We are going to get into a little bit more detail about the specifics of this in some of our other videos. But rest assured that we are going to try and release one of these video blog posts weekly. We are going to do one where we are going to cover the header and footer, right? This is the header and this is the footer. We are going to cover the homepage in a little bit more detail. We are going to cover the collection page in a little bit more detail. We are going to cover the product page in a little more detail. We are going to cover the cart page in a little bit more detail, show you some of the things you can do with that. We are going to cover the checkout process in a little bit more detail, right?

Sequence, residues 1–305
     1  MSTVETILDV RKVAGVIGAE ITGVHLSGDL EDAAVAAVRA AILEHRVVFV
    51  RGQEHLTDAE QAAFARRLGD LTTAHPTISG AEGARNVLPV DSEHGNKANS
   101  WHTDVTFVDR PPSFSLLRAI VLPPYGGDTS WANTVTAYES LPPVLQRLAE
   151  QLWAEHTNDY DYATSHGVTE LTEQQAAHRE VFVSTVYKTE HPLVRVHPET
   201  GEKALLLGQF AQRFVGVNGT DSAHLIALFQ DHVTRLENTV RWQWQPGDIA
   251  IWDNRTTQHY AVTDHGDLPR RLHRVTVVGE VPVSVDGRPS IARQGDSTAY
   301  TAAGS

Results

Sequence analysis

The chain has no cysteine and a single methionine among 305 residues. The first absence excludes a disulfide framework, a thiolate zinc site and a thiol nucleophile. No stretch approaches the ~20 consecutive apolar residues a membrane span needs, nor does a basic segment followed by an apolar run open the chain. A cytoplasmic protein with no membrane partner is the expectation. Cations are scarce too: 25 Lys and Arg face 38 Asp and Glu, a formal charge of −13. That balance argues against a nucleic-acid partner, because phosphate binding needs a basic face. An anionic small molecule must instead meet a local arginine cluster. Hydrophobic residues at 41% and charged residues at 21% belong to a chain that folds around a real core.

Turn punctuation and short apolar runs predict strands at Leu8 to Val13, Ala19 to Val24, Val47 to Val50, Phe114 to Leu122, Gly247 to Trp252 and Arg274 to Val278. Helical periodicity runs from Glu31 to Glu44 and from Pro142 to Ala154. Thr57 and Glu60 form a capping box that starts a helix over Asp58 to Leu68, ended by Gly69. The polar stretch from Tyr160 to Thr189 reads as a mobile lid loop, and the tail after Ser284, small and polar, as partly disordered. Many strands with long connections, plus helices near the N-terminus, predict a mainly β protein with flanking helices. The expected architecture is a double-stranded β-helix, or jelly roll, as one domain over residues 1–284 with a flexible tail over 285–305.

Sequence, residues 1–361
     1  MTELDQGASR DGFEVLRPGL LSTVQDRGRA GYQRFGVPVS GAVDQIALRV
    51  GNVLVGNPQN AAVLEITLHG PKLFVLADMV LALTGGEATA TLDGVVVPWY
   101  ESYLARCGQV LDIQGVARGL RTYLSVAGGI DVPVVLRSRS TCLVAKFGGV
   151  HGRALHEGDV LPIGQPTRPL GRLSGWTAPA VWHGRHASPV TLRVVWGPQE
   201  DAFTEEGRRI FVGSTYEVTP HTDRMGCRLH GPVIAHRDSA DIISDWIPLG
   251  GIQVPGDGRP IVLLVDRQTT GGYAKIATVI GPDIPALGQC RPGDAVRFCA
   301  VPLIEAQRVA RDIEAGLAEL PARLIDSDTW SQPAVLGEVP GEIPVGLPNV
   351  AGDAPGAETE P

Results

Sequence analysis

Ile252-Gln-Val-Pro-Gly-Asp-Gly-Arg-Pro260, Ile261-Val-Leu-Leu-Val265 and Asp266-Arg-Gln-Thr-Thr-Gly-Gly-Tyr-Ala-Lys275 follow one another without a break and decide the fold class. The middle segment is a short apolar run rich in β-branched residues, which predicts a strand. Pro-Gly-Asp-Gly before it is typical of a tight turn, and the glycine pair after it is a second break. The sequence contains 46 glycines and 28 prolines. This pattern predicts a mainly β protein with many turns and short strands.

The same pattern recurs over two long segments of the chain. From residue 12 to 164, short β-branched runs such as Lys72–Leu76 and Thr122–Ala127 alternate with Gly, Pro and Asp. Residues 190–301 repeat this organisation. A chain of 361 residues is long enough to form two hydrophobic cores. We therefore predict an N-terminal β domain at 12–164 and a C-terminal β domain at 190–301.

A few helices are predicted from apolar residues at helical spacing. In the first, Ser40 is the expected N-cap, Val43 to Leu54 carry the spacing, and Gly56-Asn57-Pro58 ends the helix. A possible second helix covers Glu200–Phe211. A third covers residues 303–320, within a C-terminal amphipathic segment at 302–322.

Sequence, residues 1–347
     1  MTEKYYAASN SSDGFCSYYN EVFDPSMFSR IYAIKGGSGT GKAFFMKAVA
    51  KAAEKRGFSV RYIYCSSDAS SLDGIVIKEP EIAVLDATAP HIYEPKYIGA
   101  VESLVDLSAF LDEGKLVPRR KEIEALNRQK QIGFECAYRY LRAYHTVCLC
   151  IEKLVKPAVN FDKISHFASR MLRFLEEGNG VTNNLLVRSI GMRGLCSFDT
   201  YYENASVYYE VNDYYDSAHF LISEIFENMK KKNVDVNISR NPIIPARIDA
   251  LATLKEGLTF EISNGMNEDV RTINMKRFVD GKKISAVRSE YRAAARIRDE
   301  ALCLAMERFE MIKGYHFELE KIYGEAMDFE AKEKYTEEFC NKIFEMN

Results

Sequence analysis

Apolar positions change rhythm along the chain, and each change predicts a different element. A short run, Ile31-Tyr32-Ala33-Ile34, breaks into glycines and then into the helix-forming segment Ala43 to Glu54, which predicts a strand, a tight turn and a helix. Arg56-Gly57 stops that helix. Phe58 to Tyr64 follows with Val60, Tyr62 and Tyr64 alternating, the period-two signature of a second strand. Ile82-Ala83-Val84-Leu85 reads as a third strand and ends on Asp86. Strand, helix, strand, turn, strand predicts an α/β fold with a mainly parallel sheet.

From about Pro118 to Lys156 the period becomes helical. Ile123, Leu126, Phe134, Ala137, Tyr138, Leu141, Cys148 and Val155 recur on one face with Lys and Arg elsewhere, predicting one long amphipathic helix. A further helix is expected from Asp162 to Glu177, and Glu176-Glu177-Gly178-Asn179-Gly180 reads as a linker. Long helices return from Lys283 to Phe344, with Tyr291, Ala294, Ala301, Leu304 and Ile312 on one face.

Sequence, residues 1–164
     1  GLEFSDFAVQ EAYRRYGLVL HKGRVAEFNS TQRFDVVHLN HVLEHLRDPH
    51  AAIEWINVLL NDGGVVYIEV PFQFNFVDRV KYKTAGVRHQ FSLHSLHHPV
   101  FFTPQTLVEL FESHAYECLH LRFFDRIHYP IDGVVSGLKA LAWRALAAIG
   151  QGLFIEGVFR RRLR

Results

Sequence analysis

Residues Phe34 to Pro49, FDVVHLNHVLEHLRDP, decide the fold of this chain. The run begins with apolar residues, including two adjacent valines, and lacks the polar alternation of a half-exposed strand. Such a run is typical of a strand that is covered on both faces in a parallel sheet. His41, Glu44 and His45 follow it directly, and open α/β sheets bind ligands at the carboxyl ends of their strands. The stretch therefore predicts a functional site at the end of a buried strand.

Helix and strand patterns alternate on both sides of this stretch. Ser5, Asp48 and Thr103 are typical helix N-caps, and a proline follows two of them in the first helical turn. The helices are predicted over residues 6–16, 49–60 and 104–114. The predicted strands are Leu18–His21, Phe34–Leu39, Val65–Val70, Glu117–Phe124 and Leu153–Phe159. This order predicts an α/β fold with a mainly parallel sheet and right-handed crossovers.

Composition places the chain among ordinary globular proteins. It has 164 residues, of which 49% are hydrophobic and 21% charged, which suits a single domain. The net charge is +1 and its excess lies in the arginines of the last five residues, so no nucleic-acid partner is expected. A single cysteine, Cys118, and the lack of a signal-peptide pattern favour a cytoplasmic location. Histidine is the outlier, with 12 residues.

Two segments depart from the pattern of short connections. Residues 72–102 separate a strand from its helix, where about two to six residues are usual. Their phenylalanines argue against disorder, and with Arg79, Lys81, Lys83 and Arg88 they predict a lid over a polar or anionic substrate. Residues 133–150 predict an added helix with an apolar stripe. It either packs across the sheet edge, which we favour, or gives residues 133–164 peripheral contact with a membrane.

These are what we would call the front end of the website. These are all the parts of it that a customer will see, right? Separately we are going to do individual videos for some specific sections of the backend of this. We are going to cover the products, we are going to cover the products overview, and we are going to cover individual product pages from the back end. We are also going to cover collections and what is involved in creating collections, some of the creating manual collections, as well as creating automated collections. This is pretty important; we are also going to cover orders, right? These are all fundamental things you are going to need to understand in order to run an online store. Again, we talk about this because we have a lot of merchants call us who have a successful retail business. They have been operating a business for years selling, and in the case of Santa Fe Olive Oil, selling Olive oil, selling vinegar, selling a lot of stuff that– they know this business very well. They have a retail store that is pretty successful. They do some wholesaling, right? There are a lot of merchants like this who have a great product and know their business, they just haven’t sold anything online before, and they are really interested and eager to learn about it and become successful. They realize this is a business that’s growing, or this is another segment of business, another channel of business that’s growing, that will allow them to make a lot more money. So when they come to us, they want to understand what’s involved, how can you help us in our effort to design and E-commerce website? What are we going to need to do? What is the process? So throughout the course of these videos, we are going to do our best to help you understand what’s involved, what are the pieces, and how you can work with us, or any other agency out there that does E-commerce website design in any capacity, to help you be successful, and understand what are the questions you should be asking them. What’s involved, and if they are in fact the right partner for you. So stay tuned, keep checking back with our website. Again my name is Kelis Landrum, we are True North Social, and we hope this helps, thanks.